Northern Switchgear Antrim SFC final
Creggan v Aghagallon (Corrigan Park, Sunday, 2.30pm, live on Páirc TV)
THE Padraig McNamee Cup will have a new home in 2021. The question is will it be travelling a few miles up the road to Creggan for the first time since 1954 or will it arrive at Aghagallon for the first time ever?

Sunday’s novel pairing was made possible by two remarkable semi-final victories.
Aghagallon battled their way past Portglenone at Dunsilly, requiring two periods of extra-time to seal a 1-19 to 1-18 victory. As it transpired, the game ought to have gone to penalties when the sides were tied after 80 minutes. Casement’s wisely and sportingly opted against appealing the result to the Ulster Council.

If St Mary’s caused an upset by beating a fancied Portglenone side, then Creggan caused the biggest shock of the Championship by eliminating the four in-a-row-seeking holders Cargin at Naomh Éanna.

The Kickhams got off to the worst possible start as Tomás McCann’s goal helped the Toome men open up a five-point lead after just five minutes.

Despite Pat Shivers landing a second goal for Cargin, who held 2-5 to 0-7 at the break, Creggan turned in a dominant second half performance to win 0-16 to 2-7.

Amid the euphoric celebrations, manager Gerald McNulty was keen to remind his players that noting was won at Hightown.

Having missed out on Championship glory in 2018 and 2020 at the hands of their nearest neighbours, there remains one more significant hurdle to clear.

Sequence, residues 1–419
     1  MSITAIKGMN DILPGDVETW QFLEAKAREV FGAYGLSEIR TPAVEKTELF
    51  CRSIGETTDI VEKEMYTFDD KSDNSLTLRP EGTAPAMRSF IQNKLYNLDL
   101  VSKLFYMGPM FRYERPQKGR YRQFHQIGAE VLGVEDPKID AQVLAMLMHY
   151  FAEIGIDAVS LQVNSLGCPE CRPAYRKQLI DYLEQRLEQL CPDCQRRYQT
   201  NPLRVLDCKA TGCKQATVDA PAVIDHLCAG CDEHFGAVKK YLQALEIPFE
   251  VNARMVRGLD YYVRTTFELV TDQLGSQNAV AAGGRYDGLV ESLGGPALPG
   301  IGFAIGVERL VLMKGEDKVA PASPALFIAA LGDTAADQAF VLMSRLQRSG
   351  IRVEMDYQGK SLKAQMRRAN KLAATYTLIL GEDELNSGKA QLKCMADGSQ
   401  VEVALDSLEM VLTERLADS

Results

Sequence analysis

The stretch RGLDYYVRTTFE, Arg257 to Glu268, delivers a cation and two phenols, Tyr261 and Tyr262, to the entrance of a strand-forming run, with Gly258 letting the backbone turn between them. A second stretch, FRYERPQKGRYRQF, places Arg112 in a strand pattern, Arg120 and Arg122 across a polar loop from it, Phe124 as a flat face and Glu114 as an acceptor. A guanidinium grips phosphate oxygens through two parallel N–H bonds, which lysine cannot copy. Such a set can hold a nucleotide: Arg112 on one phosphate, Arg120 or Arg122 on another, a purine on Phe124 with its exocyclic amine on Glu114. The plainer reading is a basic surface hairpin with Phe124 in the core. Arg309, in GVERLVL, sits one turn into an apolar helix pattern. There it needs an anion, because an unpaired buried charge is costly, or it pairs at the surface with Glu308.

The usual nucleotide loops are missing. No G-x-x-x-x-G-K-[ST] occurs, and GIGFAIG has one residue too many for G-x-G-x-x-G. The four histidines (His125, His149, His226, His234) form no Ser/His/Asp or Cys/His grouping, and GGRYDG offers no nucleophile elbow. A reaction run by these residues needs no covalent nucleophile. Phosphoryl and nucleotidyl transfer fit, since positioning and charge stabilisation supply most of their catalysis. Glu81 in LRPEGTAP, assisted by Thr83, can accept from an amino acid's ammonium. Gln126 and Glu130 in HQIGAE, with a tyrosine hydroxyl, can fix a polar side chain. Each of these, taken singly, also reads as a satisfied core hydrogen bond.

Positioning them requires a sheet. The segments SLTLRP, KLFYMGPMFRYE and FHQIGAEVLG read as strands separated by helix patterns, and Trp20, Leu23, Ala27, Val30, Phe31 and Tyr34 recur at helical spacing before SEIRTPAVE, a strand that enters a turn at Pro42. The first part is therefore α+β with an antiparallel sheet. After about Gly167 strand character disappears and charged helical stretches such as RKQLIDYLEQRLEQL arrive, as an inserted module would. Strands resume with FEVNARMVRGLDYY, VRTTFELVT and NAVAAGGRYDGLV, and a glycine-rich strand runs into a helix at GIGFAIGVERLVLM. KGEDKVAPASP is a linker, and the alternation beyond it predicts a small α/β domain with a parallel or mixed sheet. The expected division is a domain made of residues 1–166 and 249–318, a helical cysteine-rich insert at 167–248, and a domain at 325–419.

“We’ve only won another game and that’s how we treat this,” stated McNulty.

“That’s how we treated St John’s, that’s how we treated Cargin and that’s how we’ll treat Aghagallon.

“We know there are Championships in this team. But they have to win one to win more. Cargin have won three in a row. They are a great club.

“It has been a long-time coming – over the last three or four years, we’ve lost out to Cargin, but now we’ve beat Cargin in the Championship.

“We’ve put a lot of work in and the biggest thing was sticking to the gameplan. It was probably one of those days when everything went right, but some of our score-taking was outstanding and our defending was excellent.”

While the accuracy of Jamie and Ruairi McCann from frees was a huge factor in their win, it was the sheer physicality of their approach that was, arguably, the most impressive facet of Creggan’s semi-final victory.

Conor McCann set the tone with a thunderous early hit on Kevin O’Boyle and the Antrim hurling captain delivered a superb performance at midfield. Marty Johnston wasn’t far behind and he landed a stunning point moments after Shivers found the net for Cargin.

“I told the boys at half-time that it was seven scores each,” said McNulty.

“The only reason they were in front was because they got two goals. We sat and we talked about the next 30 minutes. There is resolve and great belief in this team now.

“If you look at the performance of young Ethan Carey on Jamie Gribbin - outstanding.

“Eunan McAteer - outstanding. The same with Ricky and Marty Johnston. That’s the fittest and strongest I’ve seen Marty Johnston.

“He’s a Rolls Royce and did his job to the letter. The biggest player for us in terms of strength and leadership was Conor McCann in the middle of the field.”

While Creggan have an abundance of talent at their disposal, Aghagallon aren’t short on star quality themselves.

Luke Mulholland, Ruairi McCann, Adam Loughran and Eunan Walsh were all part of the Antrim set-up this year while Pat Brannigan and Gareth Magee have been in superb form for St Mary’s this season.

While Kevin Murray insists the controversy surrounding the Portglenone game is “water under the bridge”, he believes the experience of coming through such a rigorous test will stand to his players as they prepare for their first Antrim SFC final.

“For us, getting over the line against Portglenone was the main thing and going through that emotion all stand to our players,” said Murray.

“From a personal point of view, going through that was a learning experience of myself as well, but our lads will learn a lot too.